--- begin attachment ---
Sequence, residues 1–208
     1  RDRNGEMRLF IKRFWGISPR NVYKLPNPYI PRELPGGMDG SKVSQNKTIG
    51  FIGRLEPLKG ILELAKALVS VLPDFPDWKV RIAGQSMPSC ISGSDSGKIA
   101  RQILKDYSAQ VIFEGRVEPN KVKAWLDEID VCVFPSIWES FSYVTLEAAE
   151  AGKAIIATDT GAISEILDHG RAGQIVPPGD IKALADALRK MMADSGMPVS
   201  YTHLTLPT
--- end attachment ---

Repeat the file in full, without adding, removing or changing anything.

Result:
Sequence, residues 1–208
     1  RDRNGEMRLF IKRFWGISPR NVYKLPNPYI PRELPGGMDG SKVSQNKTIG
    51  FIGRLEPLKG ILELAKALVS VLPDFPDWKV RIAGQSMPSC ISGSDSGKIA
   101  RQILKDYSAQ VIFEGRVEPN KVKAWLDEID VCVFPSIWES FSYVTLEAAE
   151  AGKAIIATDT GAISEILDHG RAGQIVPPGD IKALADALRK MMADSGMPVS
   201  YTHLTLPT